`Jeopardy' Host Defends Show's Record On Race
Three Alex Trebeks were in town yesterday.
One was the compassionate man who has traveled the globe to produce videos promoting World Vision, the international relief organization that opened its new headquarters in Federal Way with a gala last night. Trebek was the emcee.
Another was the host of the intellectual game show "Jeopardy!" On national TV, Trebek is smart and funny but calm. Yesterday he was lively, even a little off the wall, on KOMO-TV's "Northwest Afternoon." He even played a parody round of "Jeopardy!" with Channel 4 weather forecaster Steve Pool.
And there was a third Trebek visiting Seattle, an angry man who sternly expressed hurt over a remark last week by African-American poet Maya Angelou, a "Jeopardy!" fan who said she was disappointed with the program's lack of diversity among its contestants.
"We have changed everything about this country - our very being here," Angelou told David Frost during a PBS interview. "And I turn on a program like `Jeopardy!,' where quite often I am featured, or my name or some book I've written or some music I've written is the answer. And I see no black people on it.
"I mean, I haven't seen a black person for two years on `Jeopardy!' . . . So I'm boycotting it, although I love it," Angelou said.
Trebek says contestants on the show are indeed overwhelming white - and male - but through no lack of effort to recruit people of color.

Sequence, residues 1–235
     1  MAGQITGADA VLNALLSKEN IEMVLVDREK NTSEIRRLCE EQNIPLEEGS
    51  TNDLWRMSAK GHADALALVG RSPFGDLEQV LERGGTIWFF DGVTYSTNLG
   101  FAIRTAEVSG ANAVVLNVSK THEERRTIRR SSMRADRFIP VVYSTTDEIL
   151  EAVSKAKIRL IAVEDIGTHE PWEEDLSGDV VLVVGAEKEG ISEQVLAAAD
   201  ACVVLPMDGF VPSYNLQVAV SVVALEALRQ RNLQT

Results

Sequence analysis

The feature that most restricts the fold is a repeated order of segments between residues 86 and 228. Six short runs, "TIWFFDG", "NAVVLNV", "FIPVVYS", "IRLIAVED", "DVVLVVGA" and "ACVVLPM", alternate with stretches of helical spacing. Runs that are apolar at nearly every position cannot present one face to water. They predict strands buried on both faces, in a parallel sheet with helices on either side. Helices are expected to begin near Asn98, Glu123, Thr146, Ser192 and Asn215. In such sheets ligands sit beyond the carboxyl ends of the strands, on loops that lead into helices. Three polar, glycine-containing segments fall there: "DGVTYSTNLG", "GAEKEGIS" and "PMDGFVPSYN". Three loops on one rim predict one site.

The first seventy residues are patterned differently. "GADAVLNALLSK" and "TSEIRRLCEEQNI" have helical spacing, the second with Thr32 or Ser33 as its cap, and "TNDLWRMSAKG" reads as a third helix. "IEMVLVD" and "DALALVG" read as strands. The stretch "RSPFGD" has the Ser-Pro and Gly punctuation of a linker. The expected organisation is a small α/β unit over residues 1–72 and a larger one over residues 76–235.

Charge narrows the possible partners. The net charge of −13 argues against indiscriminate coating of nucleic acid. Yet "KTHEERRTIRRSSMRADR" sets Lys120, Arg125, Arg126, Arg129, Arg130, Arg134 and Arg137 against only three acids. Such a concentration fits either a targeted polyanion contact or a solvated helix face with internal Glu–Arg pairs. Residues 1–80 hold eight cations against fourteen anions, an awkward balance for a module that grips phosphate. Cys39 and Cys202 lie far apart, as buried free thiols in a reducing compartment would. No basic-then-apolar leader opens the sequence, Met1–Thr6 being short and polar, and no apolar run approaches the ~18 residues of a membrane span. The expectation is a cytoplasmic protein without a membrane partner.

"It may well be that our (screening) test, which is made up of 50 questions, is culturally biased in favor of whites and against African Americans and other minorities," Trebek said. "But I don't know how you change that. Our audience is primarily Middle America, and that is primarily white. We have trouble attracting blacks to the program.
"We have placed ads in black newspapers, we have set up booths at NAACP conventions, trying to get people to just come out and take the test, but they don't do it.
"Even though we are not successful in attracting blacks to the program as contestants, we feature on a regular basis categories about famous black people," he said.
"We are trying our darnedest to make America in general more aware of the accomplishments of black people in this country," he continued.
"I was disappointed that Maya would have made the comment without being in possession of all the facts," said Trebek, who does not know Angelou personally, "because obviously she doesn't know the steps we have taken to try to get black Americans to compete on the program."
At least in one respect, "Jeopardy!" defies criticism. It's proof that television is not mindless, and Trebek defends the medium.
"I don't agree that TV is the vast wasteland," he said. "Particularly now with all the cable channels that are available, you have the opportunity, if you select correctly, to be entertained, to be informed, to be challenged, to keep up to date with what's happening in the world.
"You can learn much more than you can from reading the newspaper," Trebek said. "You can pick it up much faster."
Sounds like we're in the "Final Jeopardy" round.